• draft/coordinate talking points for chapters doing local work on global issues ("copyright reform"), or directly to editors/readers on specific issues

Further examples edit

  • Sweden: polled legislators about awareness
  • Estonia: push at the Constitutional level?
  • UK: Letter to all MEPs about our key issues
  • UK chapter says they were lucky to have a member that is an expert on copyright. Found that they had to register as a separate entity that would advocate. Submitted a lengthy response to the consultation.
  • Israel: coalition building (with CC and many others) to change law on public use of government images
  • Wikimedia Israel: process that they started 4 years ago, continued for 3 years until that every photo created by the government could be freely used. Prior to this, individuals had to pay the government to use their photos. Worked with organizations, including Creative Commons Israel, to advocate for changing copyright laws. See also
  • Israel's national photo collection being released for free use -
  • Let's brainstorm more!

Further notes edit

  • Dimi--WMF needs to be the lead in Copyright because no other organization cares more about "non-commercial"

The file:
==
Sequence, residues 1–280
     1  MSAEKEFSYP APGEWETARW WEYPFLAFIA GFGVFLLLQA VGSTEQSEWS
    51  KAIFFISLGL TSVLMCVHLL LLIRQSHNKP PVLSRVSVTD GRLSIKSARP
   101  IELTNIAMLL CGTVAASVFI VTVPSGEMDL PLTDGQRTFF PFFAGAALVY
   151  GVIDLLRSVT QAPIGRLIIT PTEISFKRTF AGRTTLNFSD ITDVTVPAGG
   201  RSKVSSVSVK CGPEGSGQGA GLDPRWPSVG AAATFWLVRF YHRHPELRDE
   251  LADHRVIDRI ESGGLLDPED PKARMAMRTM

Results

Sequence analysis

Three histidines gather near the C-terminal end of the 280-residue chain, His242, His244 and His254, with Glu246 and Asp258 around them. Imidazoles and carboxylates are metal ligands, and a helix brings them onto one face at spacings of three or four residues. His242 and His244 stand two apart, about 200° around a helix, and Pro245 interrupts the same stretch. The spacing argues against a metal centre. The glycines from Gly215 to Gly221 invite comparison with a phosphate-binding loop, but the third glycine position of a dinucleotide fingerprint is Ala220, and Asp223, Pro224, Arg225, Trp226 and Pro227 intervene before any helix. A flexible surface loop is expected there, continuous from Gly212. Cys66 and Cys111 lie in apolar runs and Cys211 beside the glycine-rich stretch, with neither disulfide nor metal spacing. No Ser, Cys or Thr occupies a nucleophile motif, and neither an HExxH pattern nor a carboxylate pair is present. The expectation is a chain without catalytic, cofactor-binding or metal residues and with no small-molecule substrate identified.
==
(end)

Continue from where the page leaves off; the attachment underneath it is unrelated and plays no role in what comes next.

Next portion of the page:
Limitations on advocacy
  • Stephen: There are certain financial limits in the US on how much organizations can spend on certain types of lobbying. Percentage is based on a revenue for a year. Such are considerations that WMF has when making decisions about lobbying.
  • Chapter Agreements - wont engage in lobbying or advocacy activites that directly conflict with chapter activities. Free knowledge and copyright are issues that directly align with chapter agreements.
  • People go to WMF all the time asking for support for advocacy issues? The WMF has to pick and choose what issues to align with and think about what they could effectively contribute given the specific nature of the organization and the movement. Copyright Reform is an issue that WMF can take a lead in by telling an effective story about.
    • Luis: WMF wants to focus on their mission and WMF needs to keep track of what it can advocate for, but people should feel free to approach WMF with requests.
Approach to advocacy
  • Multi-track approach: working with gov't, changing public opinion, making good relationships with MEPs,

European legislation has a huge effect on the rest of the world. Ex. the Tobacco control legislation in the EU has a huge impact on China, Japan, and the US.

  • Copyright reform advocacy movement in the EU is lacking in the economic narrative. The EU looks on the field of copyright through the lens of fostering economy and economic models.
    • US shares this problem. Stephen says--we need to pool resources to replicate good arguments. More cohesive message.
  • Create visibility for the movement-- people should know that there are actors and a new category of actors so that everytime there is a dialogue, everytime there is a conference/roundtable, Wikimedia will be invited and come with their set of proposals.